Medieval Law.—During the middle ages the insane were little protected. Their legal acts were annulled, and their property placed under control, but little or no attempt was made to supervise their personal treatment. In England the wardship of idiots and lunatics, which was annexed before the reign of Edward II. to the king’s prerogative, had regard chiefly to the control of their lands and estates, and was only gradually elaborated into the systematic control of their persons and property now exercised under the jurisdiction in lunacy. Those whose means were insignificant were left to the care of their relations or to charity. In criminal law the plea of insanity was unavailing except in extreme cases. About the beginning of the 19th century a very considerable change commenced. The public attention was strongly attracted to the miserable condition of the insane incarcerated in asylums without any efficient check or inspection; and at the same time the medical knowledge of insanity entered on a new phase. The possibility and advantages of a better treatment of insanity were illustrated by eminent physicians, Philippe Pinel in France, H. Tuke in England, Bond, B. Rush and I. Ray in the United States; its physical origin became generally accepted; its mental phenomena were more carefully observed, and its relation was established to other mental conditions.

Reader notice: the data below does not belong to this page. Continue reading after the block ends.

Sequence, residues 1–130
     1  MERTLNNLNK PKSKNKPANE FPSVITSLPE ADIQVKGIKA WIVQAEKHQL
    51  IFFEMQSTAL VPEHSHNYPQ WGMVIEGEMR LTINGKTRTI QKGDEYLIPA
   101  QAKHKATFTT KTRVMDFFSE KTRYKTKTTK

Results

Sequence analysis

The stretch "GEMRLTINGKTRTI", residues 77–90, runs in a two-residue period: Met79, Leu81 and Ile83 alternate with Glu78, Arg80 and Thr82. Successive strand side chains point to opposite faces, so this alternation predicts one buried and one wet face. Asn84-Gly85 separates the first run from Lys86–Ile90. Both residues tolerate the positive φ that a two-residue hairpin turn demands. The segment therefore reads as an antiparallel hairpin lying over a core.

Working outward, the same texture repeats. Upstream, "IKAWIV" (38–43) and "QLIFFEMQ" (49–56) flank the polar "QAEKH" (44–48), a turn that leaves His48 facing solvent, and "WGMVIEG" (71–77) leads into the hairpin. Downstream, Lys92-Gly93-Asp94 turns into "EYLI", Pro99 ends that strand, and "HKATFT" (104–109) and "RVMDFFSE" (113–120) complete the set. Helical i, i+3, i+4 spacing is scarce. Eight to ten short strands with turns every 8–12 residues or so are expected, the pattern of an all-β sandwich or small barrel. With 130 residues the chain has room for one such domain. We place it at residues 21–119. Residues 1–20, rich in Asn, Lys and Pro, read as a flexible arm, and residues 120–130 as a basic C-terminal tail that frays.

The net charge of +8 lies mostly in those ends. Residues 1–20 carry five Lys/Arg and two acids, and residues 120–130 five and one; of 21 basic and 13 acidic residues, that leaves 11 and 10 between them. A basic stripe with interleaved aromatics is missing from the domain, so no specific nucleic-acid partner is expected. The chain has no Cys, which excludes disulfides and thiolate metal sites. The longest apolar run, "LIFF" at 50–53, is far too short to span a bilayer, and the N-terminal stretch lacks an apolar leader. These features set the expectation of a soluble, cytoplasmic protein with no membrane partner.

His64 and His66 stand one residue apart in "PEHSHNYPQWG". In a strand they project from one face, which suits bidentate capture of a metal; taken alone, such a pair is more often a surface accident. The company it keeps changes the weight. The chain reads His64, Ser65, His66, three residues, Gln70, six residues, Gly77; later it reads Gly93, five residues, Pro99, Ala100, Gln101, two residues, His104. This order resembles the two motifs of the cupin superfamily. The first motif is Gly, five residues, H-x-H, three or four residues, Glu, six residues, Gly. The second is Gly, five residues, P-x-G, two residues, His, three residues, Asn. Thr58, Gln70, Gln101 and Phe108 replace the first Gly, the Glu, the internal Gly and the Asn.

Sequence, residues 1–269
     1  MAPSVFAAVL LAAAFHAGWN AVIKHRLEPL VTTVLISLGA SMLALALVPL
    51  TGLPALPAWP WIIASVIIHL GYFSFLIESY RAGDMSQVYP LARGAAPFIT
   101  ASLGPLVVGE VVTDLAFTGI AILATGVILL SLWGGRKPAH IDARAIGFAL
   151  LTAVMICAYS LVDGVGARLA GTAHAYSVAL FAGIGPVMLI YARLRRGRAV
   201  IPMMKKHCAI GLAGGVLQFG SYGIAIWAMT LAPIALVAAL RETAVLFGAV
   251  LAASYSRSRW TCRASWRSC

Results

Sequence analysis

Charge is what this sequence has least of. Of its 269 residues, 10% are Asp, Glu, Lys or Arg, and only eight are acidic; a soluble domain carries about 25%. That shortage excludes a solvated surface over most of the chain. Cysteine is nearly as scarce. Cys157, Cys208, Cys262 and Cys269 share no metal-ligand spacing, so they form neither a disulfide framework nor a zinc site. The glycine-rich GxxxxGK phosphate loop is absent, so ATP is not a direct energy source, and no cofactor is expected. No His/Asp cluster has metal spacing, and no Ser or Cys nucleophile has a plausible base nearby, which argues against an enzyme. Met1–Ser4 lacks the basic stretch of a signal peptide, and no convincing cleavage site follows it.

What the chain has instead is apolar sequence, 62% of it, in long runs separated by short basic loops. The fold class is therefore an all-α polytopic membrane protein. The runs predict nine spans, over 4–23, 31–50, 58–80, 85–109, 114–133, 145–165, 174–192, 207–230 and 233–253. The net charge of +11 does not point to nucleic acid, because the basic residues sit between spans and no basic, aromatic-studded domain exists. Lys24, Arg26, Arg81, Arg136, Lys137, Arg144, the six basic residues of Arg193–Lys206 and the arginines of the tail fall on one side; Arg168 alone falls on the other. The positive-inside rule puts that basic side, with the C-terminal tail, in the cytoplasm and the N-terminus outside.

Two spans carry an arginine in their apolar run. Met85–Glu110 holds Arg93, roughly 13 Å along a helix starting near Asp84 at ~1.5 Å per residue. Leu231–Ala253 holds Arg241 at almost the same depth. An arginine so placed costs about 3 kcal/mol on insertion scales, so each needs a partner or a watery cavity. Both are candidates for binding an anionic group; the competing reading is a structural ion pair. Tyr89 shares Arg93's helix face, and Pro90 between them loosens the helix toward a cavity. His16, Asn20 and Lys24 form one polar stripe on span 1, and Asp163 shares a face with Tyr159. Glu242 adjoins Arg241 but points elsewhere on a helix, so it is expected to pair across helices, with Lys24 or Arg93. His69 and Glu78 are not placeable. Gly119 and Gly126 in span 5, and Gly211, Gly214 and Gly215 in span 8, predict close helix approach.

Modern Law.—From this period we date the commencement of legislation such as that known in England as the Lunacy Acts, which aimed at the regulation and control of all constraint applied to the insane. Hitherto, the criteria of insanity had been very rude, and the evidence was generally of a loose and popular character; but, whenever it was fully recognized that insanity was a disease with which physicians who had studied the subject were peculiarly conversant, expert evidence obtained increased importance, and from this time became prominent in every case. The newer medical views of insanity were thus brought into contact with the old narrow conception of the law courts, and a controversy arose in the field of criminal law which in England, at least, still continues.

Relations between Insanity and Law.—The fact of insanity may operate in law—(1) by excluding responsibility for crime; (2) by invalidating legal acts; (3) by affording ground for depriving the insane person by a legal process of the control of his person and property; or (4) by affording ground for putting him under restraint.

Legal Terminology.—Before proceeding, however, to deal with